The course title was "Negative Theology: Lamentations, The Cloud of Unknowing, and The Dark Night of the Soul." Before class started at 9 a.m. I had to have the house cleaned to my military officer husband's specifications, cook a hot breakfast and do the dishes, wash and dress my preschool boys, drive to the south side of San Antonio, drop off my youngest child at day care, pick up and strap eight other children into seat belts in the Chevy Suburban and drive them to a nursery school, then drive to the seminary.
I noticed that the resident seminarians needed only to roll out of bed, walk downstairs with their cup of coffee and shuffle into class. It was the 1970s. I was the only woman in the class, and I sat in the back as far out of sight as possible.
The teacher came from a house of prayer in the desert to teach an "intensive" once a semester. The material he presented—from scripture, Teilhard de Chardin, John of the Cross, the anonymous author of The Cloud—turned my soul inside out: how I perceived reality, how the Divine seemed most present to me in solitude, silence and loving darkness. I was so moved that I was grateful he taught in a monotone—I thought that if he used gestures or extravagant modulations in his voice, I'd fall off my chair.
One day, one of the young men attending the course raised his hand. "This life of prayer you're talking about? It's fine for priests and religious—monks and nuns—but what about an ordinary housewife? How could a person like that live this life of prayer?" The teacher stood still for perhaps a minute without changing his expression. It seemed as if a shadow of anger flickered across his face. I couldn't breathe. My life, the foundation of my sacrifices, my own version of tilting at windmills, the pursuit of the Sacred-I-Know-Not-What, perhaps my very sanity depended upon his response.
"They cannot help it," he said finally. "Prayer is not something that you do. Prayer is something God does to you."
Not only did I go home that day justified like the publican in the temple; I also realized that the teacher was probably not as scary or remote as I had made him out to be. Eventually we became good friends. I realize now how extraordinarily lucky I was to have learned about apophatic theology in my mid-twenties. How many Episcopalian housewives in the 1970s found their way into Roman Catholic seminaries to encounter desert-dwelling theologians explaining the dark nights of the soul?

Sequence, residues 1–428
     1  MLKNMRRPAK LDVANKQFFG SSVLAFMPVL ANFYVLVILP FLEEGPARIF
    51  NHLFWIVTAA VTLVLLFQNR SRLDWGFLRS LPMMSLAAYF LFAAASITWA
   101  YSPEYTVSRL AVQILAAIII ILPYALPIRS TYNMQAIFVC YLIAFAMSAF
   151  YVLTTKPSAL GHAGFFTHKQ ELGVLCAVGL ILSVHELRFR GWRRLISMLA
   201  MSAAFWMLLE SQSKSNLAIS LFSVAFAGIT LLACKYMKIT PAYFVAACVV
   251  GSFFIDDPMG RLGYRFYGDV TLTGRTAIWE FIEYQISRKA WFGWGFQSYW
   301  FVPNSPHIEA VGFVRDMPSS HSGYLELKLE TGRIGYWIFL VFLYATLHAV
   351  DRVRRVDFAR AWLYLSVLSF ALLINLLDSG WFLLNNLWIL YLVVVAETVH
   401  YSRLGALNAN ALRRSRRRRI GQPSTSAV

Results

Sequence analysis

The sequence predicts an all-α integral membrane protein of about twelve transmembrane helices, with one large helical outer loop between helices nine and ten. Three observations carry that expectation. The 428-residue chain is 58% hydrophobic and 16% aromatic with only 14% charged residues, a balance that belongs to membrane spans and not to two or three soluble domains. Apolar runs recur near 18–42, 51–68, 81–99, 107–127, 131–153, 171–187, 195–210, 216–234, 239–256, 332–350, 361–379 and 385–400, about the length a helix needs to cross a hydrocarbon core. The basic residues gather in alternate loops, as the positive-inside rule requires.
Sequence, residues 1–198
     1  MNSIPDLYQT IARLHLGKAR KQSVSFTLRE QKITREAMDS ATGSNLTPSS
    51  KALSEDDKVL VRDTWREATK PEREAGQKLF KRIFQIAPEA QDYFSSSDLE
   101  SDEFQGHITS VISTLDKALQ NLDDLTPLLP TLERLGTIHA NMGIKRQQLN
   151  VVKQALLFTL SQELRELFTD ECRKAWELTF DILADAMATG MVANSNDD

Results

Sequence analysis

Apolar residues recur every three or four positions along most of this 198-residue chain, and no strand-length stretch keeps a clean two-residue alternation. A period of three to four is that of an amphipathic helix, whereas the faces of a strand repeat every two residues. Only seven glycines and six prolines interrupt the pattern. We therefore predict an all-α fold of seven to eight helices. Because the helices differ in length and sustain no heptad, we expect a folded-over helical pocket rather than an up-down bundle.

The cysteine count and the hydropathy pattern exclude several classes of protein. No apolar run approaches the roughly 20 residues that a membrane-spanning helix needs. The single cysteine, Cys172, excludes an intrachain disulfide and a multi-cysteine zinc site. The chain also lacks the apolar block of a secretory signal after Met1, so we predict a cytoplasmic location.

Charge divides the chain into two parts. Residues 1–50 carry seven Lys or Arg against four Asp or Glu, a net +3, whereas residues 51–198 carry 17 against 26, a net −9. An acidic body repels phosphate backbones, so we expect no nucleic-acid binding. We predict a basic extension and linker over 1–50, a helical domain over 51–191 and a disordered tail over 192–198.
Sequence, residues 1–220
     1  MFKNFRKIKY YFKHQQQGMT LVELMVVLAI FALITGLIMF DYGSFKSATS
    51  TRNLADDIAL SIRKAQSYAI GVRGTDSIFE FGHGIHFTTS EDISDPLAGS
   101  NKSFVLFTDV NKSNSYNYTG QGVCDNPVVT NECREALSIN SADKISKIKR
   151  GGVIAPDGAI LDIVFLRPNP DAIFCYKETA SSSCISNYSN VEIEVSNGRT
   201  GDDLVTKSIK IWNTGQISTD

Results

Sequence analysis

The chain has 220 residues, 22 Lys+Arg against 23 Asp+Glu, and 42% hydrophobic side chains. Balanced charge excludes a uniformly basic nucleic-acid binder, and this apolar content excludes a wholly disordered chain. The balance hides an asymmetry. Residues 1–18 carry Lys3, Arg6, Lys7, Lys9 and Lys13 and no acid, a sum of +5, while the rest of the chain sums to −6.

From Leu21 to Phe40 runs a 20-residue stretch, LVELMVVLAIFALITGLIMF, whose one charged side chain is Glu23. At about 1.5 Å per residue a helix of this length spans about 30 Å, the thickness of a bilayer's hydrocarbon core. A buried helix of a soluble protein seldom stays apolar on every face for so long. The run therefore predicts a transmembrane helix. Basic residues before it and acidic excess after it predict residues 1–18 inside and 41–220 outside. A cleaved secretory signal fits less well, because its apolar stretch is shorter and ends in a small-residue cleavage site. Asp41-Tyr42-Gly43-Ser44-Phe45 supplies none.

Apophatic theology is the in-the-gut knowledge that God transcends images, names and definitions; that words limit both the experience and description of the Divine. It acknowledges the restraints of human perceptions of space and time. Rather than saying, "God is this or that," negative theology begins by saying, "God is not this or that." (Junior high-age theologians love this stuff!) Moreover, this way of the unknowing of God paradoxically unfolds as a way toward union with God.
Why are some of us wired to perceive the Divine most acutely in darkness, solitude and silence? Is it brain chemistry? Temperament? Some necessary evolutionary balance? It isn't that we don't experience the Divine Presence in other people, or nature or great liturgy or service to others. But connecting first with this primary Nothingness makes Presence possible for us within all those other things.
It wouldn't hurt pastors to learn about apophatic mysticism and to be better able to respond when a faithful parishioner comes to the office dumbfounded because "God has abandoned me." Rather than offering some platitude ("If God seems distant, who's done the walking?") the pastor might say, "Hmm, well, that sounds about right! This probably means you're being drawn into a deeper, more profound and integrated consciousness of God. Sit with it, trust it, wait, like you do in Advent or Lent. God has not abandoned you, but more likely, as John of the Cross says, God is flooding your soul with light and you can't quite apprehend it yet. So it is 'dark' in the way the light blinds you when you switch it on in the middle of the night."
The pastor might add, "Look up the story of Elijah in the cave on the holy mountain. God was not in the wind or the earthquake or the fire, but in the 'sound of sheer silence.'"
Divine Love draws some of us solely through darkness in prayer. Look at the Christian mystical canon! Who could ask for better teachers? Meister Eckhart, Thomas Merton, Evelyn Underhill, John of the Cross, Walter Hilton and the author of The Cloud guide us in the way of prayer and are accessible in paperback and online sources even to housewives.
Suzanne Guthrie writes Soulwork Toward Sunday, a weekly self-guided retreat and meditation based on the lectionary's upcoming gospel reading, on her website, edgeofenclosure.org. She lives in Woodstock, New York.